"It was November. Although it was not yet late, the sky was dark when I turned into Laundress Passage. Father had finished for the day, switched off the shop lights and closed the shutters; but so I would not come home to darkness he had left on the light over the stairs to the flat. Through the glass in the door it cast a foolscap rectangle of paleness onto the wet pavement, and it was while I was standing in that rectangle, about to turn my key in the door, that I first saw the letter. Another white rectangle, it was on the fifth step from the bottom, where I couldn't miss it.
I closed the door and put the shop key in its usual place behind Bailey's Advanced Principles of Geometry. Poor Bailey. No one has wanted his fat gray book for thirty years. Sometimes I wonder what he makes of his role as guardian for the bookshop keys. I don't suppose it's the destiny he had in mind for the masterwork that he spent two decades writing."The Thirteenth Tale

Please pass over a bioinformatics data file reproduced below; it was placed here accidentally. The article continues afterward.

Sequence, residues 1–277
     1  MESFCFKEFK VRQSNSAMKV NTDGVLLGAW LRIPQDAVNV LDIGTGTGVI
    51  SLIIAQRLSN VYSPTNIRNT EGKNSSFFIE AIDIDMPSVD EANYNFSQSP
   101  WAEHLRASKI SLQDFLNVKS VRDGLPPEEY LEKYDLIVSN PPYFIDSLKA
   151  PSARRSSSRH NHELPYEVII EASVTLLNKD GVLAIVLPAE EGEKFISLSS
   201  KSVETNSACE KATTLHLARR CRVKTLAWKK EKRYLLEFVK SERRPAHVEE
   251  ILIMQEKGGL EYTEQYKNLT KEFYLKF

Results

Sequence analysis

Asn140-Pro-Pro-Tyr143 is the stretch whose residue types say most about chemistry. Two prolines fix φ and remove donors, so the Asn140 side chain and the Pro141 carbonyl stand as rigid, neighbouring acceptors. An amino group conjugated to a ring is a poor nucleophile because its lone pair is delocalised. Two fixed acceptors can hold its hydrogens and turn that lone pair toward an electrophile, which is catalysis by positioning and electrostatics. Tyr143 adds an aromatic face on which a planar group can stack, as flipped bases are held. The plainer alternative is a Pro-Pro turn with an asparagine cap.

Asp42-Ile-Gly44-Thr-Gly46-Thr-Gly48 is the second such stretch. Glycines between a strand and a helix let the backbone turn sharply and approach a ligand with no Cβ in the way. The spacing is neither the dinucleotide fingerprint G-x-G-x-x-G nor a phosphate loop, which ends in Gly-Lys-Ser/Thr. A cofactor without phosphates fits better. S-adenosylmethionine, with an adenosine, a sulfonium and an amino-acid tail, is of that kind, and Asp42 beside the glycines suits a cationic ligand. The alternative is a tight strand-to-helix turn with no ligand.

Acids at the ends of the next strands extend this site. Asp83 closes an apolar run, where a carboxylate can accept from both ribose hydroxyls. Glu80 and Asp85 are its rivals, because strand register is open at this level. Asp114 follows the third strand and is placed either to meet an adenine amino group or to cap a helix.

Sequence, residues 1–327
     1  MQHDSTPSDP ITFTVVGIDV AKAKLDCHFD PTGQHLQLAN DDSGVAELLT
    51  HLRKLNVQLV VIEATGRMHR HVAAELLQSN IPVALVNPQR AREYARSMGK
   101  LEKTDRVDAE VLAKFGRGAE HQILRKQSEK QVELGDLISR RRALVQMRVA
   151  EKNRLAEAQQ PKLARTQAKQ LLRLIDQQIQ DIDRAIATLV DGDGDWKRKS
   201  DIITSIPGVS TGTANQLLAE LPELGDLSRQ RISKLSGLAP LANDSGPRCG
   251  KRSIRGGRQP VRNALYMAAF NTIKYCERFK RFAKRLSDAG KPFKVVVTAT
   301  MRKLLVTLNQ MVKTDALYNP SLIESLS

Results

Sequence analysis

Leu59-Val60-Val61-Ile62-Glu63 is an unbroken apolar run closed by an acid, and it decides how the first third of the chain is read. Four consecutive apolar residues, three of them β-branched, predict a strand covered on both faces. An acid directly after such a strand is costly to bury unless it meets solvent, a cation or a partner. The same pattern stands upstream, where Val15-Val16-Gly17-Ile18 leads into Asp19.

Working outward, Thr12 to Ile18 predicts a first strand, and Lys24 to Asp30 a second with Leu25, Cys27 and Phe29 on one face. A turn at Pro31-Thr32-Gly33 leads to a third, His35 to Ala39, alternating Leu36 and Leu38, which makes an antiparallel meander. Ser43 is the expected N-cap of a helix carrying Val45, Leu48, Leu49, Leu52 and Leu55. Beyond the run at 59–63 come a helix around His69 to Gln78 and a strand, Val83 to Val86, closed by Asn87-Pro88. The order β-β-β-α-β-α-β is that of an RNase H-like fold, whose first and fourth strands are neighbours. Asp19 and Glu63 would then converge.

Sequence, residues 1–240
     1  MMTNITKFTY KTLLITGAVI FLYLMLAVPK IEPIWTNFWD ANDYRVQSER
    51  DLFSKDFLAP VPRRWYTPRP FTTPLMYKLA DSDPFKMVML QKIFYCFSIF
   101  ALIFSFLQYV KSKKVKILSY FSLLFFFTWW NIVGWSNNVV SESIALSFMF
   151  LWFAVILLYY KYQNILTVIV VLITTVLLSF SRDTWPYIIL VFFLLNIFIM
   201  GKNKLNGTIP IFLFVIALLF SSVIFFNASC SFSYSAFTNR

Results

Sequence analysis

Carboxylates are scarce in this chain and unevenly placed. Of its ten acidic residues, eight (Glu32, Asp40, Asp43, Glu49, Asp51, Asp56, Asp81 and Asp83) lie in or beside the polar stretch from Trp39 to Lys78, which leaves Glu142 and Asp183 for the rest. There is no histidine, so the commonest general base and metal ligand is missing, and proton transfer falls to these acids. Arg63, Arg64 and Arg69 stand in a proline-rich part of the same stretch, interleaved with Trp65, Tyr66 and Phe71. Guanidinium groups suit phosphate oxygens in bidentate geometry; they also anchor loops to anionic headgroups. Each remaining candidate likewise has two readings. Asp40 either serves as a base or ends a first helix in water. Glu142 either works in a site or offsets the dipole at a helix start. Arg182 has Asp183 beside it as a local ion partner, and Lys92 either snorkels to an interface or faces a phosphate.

by Diane Setterfield
It seems like most people have read The Thirteenth Tale. It is my book club's May selection, so I'm finally getting around to it now. Approaching halfway mark, I'm involved in the story and curious about the outcome, but not loving it... yet.
Have you read this one? What do you think of the opening?
Every Tuesday, Diane at Bibliophile by the Sea posts the opening paragraph (sometime two) of a book she decided to read based on the opening. Feel free to grab the banner and play along.